The new PBS drama, “Mercy Street,” shows promise. After watching episode one, however, it remains uncertain whether it will be worth investing the time in the next five installments set to air.
“Mercy Street” is inspired by true events and features a goodly number of real characters. Most of its action takes place in what was a former luxury hotel known as Mansion House that has been taken over and converted into a Union Army hospital in Alexandria, Virginia.
Thanks to a team of very knowledgeable experts, the program appears to have reached a level of historical accuracy for television Civil War-era dramas never before achieved. Visually feasting on the sets, costumes, hair and makeup is akin to seeing Civil War period photographs come alive in full color. When historically realistic dialog and strong acting is thrown into the mix, the results leave the viewer feeling as if she or he is standing in the hospital while groaning, wounded soldiers are brought in, men in danger of dying are operated on and surgeons and nurses do their best under the most difficult of circumstances. Some scenes are quite graphic and the reviewer’s decision to watch while eating a very late dinner was a big mistake.
Nurse Mary Phinney
The audience feels for New England native and abolitionist nurse Mary Phinney as she struggles to adjust to the blood and gore. Mary Elizabeth Winstead is such a natural in the part that she seems to have hopped in a time machine and come straight from 1862. She is the series’ star so far though its other main character, Virginian and Confederate supported Hannah James, portrayed by Emma Green, also plays her role well. The entire supporting cast delivers at least adequate performances.
The reviewer almost fell out of his proverbial chair when Confederate Frank Stringfellow was mentioned. Though little known to any but historians and Civil War buffs, Stringfellow was one of the most amazing men the war produced North or South. He will appear in the remaining five episodes of the show. If he is featured in a way his life story deserves, he could become burned into the American consciousness as a consequence of “Mercy Street.” Since the program focusses on the home front and civilians, it is unclear what his role will be. Time will tell.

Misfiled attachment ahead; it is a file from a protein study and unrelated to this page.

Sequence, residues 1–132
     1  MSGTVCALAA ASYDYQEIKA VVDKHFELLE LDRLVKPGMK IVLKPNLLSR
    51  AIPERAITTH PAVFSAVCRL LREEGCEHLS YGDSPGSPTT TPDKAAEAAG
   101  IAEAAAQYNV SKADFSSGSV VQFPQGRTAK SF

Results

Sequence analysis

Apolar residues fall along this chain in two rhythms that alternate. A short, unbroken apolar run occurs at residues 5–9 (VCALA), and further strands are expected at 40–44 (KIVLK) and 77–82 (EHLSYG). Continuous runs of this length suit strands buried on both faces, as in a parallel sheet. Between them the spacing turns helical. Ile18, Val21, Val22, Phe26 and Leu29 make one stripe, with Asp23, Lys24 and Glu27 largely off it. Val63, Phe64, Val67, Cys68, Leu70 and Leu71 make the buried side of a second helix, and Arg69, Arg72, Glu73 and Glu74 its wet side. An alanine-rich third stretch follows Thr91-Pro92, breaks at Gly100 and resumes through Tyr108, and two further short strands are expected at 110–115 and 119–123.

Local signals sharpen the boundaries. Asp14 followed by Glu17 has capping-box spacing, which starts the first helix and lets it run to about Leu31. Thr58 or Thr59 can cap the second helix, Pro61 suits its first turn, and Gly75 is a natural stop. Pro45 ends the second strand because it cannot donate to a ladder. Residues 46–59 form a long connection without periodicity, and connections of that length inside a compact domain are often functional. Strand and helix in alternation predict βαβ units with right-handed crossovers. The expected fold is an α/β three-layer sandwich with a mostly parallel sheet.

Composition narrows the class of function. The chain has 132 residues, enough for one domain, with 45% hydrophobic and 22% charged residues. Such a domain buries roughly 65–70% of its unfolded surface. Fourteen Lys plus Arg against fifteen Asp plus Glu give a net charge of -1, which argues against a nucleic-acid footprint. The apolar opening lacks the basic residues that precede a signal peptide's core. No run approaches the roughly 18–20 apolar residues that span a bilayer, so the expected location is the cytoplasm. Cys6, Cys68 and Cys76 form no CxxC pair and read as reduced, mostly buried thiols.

It could be that the show has focused so much on getting the history right that some of the dramatic aspects of this historical drama have suffered as a result. A minor criticism is that the period lighting used is at times so dark that some scenes are less rewarding than would otherwise be the case because one does not have a good view of every detail of what is going on.
A more important point is that there is not all that much happening in as far as plot. If viewers are to tune in and give the show huge ratings the series will need to give us more reason to be interested in and therefore vested in the characters and how their lives unfold. Furthermore, the plot, as far as it does exists, seems geared mainly toward women. A large male audience can only be earned if the nature of the plots of the remaining five episodes is different in character and has more male appeal. Stringfellow may be just what is needed.
In order to be successful, “Mercy Street“ will have to be more than just good history. If history is all it has to offer one will be better off spending the next five Sunday nights watching historical documentaries or reading quality history books. It will have to be good television. I will be tuning in next Sunday for episode two. “Mercy Street“ deserves all who read this to give the show a chance as well. I hope to be wowed and look forward to seeing Stringfellow on the small screen.
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